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Does Trauma Cause Addiction?

An individual who has experienced a traumatic event may face emotional and mental issues afterward. They may have difficulty expressing their fears or anxiety related to the event. Extended negative circumstances can also create a sense of trauma within an individual. People who have experienced trauma may turn to drugs or alcohol as a sort of outlet for their emotional pain. Does trauma cause addiction? There are definitely links between the two in many cases.

A Strong Link

Research shows a strong link between traumatic experiences and substance use problems. Many people who have experienced traumatic events or circumstances such as child abuse, criminal attack, disasters, or war, turn to alcohol or drugs to help them deal with their emotional pain, bad memories, poor sleep, guilt, shame, anxiety, or terror. It has also been found that people with alcohol or drug use problems are more likely to experience traumatic events than those without these problems.

Vicious Cycle

Many people who have experienced traumatic events find themselves in a vicious cycle in which they find that they increase their alcohol and drug use, which produces new traumatic event experiences, which leads to even worse substance use, and so on. Just as traumatic events and substance use often occur together, so do trauma-related disorders and substance use disorders.

For example, trauma-related disorders, such as post-traumatic stress disorder (PTSD) and depression, occur frequently among people with substance use disorders and vice versa. Not only do trauma related and substance use disorders cause devastation to the affected individual, but they also often create major problems for relationships with family members and friends.

PTSD and Addiction

People who have experienced trauma are more likely to abuse drugs and alcohol before and after being diagnosed with PTSD. The International Society for Traumatic Stress Stud (ISTSS) cites the following alcohol-related statistics, in particular:

  • One-quarter to three-quarters of people who have survived abusive or violent traumatic experiences report problematic alcohol use
  • One-tenth to one-third of people who survive accident-, illness-, or disaster related trauma report problematic alcohol use, especially if troubled by persistent health problems or pain
  • Up to 80% of Vietnam veterans seeking PTSD treatment have alcohol use disorders
  • Veterans over the age of 65 with PTSD are at increased risk for attempted suicide if they experience problematic alcohol use or depression
  • Women exposed to traumatic life events show an increased risk for an alcohol use disorder
  • Men and women reporting sexual abuse have higher rates of alcohol and drug use disorders than other men and women.
  • Compared to adolescents who have not been sexually assaulted, adolescent sexual assault victims are 4.5 times more likely to experience alcohol abuse or dependence, 4 times more likely to experience marijuana abuse or dependence, and 9 times more likely to experience hard drug abuse or dependence.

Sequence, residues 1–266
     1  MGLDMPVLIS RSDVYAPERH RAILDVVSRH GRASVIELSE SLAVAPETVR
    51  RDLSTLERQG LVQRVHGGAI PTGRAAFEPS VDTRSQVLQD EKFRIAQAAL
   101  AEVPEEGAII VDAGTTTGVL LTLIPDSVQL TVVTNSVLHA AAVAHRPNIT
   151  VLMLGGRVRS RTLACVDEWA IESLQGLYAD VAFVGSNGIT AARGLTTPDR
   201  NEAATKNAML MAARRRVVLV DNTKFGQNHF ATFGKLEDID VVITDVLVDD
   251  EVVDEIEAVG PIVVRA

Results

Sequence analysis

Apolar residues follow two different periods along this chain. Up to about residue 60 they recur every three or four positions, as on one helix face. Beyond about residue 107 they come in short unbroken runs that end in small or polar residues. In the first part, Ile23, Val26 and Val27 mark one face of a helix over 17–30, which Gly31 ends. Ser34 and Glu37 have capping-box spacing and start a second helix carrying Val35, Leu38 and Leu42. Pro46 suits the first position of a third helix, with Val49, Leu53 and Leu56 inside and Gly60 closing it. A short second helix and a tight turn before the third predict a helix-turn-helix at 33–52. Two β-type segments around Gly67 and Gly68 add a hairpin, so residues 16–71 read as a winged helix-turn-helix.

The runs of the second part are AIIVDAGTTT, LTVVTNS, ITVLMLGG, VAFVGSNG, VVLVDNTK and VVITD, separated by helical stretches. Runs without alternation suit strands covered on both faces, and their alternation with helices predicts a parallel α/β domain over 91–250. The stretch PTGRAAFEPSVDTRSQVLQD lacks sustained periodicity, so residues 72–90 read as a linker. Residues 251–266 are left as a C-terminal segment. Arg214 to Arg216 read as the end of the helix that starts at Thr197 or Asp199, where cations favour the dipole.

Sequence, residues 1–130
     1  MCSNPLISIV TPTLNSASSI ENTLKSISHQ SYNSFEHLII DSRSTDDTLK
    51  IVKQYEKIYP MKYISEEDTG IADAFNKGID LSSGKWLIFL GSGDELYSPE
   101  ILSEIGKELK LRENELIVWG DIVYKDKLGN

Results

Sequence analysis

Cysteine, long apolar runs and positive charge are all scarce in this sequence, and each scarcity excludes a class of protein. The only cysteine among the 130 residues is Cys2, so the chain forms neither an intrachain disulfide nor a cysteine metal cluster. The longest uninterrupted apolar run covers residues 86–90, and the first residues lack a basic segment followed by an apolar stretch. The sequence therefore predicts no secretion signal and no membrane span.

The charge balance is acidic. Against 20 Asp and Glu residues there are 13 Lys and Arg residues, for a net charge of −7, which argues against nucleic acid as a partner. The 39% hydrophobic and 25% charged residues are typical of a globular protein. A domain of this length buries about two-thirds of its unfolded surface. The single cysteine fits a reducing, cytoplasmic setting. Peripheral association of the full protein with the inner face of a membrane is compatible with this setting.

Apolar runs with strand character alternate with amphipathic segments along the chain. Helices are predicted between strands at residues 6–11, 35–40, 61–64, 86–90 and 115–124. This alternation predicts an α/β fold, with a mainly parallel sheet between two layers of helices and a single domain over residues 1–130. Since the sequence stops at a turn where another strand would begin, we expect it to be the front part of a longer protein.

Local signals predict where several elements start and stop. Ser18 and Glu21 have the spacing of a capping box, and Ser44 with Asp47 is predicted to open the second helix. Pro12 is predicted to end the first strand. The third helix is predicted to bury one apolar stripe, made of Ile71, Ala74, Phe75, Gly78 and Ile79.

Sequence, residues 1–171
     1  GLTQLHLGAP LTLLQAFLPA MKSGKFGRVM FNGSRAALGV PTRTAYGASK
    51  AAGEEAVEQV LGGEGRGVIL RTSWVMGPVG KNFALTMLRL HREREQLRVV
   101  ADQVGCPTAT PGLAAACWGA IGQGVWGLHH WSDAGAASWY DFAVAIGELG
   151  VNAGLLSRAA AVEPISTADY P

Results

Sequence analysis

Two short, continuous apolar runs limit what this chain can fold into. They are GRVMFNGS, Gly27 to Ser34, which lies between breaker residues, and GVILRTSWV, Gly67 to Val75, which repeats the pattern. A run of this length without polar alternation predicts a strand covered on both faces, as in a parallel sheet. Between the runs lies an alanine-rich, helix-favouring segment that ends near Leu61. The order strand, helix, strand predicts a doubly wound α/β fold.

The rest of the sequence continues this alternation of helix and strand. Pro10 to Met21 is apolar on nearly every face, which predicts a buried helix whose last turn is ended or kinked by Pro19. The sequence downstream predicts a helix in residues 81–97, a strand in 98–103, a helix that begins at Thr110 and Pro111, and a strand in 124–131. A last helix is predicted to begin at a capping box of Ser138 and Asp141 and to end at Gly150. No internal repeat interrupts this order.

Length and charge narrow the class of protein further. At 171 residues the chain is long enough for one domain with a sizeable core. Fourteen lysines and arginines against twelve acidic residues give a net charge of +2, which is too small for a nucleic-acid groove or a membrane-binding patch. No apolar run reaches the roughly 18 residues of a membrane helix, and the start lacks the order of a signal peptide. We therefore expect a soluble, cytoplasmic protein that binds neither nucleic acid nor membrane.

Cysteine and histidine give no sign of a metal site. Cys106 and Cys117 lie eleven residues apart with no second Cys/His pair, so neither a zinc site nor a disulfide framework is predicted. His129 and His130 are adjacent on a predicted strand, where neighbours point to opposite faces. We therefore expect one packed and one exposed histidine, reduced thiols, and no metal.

• Adolescents with PTSD are 4 times more likely than adolescents without PTSD to experience alcohol abuse or dependence, 6 times more likely to experience marijuana abuse or dependence, and 9 times more likely to experience hard drug abuse or dependence.

Temporary Relief

The use of alcohol or drugs can provide a temporary distraction and relief for traumatized people who may be suffering from very serious and even debilitating problems with their thoughts, feelings, physical health, relationship to self and others, and behavior. However, this relief is only temporary, and the use of substances to reduce symptoms ultimately can be extremely harmful.

So, can trauma cause addiction? When an individual who has been traumatized uses drugs or binge drinks, it may be well-intentioned in the beginning, but it is ultimately self-destructive and can lead to addiction. Using these substances to deal with the effects of the trauma may help with the symptoms of the trauma itself but eventually creates worse symptoms.  

Treatment for Trauma and Addiction

When a person has experienced trauma and finds they are now addicted to drugs or alcohol, addressing trauma in treatment is critical to their total recovery. Effective substance abuse treatment services for people who are dealing with trauma will integrate an understanding of trauma and substance abuse throughout the program.

The best approach is to address the underlying causes and issues of the trauma and the substance abuse simultaneously. Helping the individual understand the range of possible connections between trauma and substance abuse is a key process in effective treatment services for both. Personalized treatment must take into consideration each person’s history of substance use as well as the traumatic event or circumstances that may have led to addiction.

Makana Path Can Help You with Trauma and Addiction

At Makana Path, we understand the links between trauma and addiction. We are focused on intensive healing that will help you safely reprocess your trauma and regain control over your life through insightful treatment. We also understand the challenges of staying at home and social distancing during COVID-19 and remain open to provide the help you need during these challenging times. To learn more about our Specialized Treatment for Trauma, contact Makana Path today by calling 1-866-313-0978.